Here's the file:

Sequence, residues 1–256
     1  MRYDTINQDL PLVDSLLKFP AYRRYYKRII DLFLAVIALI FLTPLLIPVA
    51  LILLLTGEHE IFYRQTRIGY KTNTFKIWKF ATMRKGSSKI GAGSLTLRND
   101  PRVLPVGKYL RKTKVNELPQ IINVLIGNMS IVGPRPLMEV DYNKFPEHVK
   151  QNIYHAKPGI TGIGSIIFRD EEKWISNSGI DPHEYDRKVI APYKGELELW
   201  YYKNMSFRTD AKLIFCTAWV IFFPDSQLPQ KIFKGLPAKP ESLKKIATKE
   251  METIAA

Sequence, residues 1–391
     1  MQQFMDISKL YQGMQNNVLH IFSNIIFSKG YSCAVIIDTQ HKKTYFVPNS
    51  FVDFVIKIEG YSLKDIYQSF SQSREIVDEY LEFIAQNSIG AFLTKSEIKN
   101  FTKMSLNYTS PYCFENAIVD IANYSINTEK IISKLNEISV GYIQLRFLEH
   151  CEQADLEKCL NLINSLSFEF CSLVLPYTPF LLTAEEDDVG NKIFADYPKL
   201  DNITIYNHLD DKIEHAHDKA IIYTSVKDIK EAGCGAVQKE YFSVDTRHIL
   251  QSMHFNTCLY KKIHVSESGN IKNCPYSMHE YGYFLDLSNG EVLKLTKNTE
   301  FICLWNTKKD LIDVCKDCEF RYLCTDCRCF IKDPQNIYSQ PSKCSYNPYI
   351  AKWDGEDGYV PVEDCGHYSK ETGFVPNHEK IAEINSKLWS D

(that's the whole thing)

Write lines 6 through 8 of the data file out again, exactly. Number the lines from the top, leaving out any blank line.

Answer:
   201  YYKNMSFRTD AKLIFCTAWV IFFPDSQLPQ KIFKGLPAKP ESLKKIATKE
   251  METIAA

Sequence, residues 1–391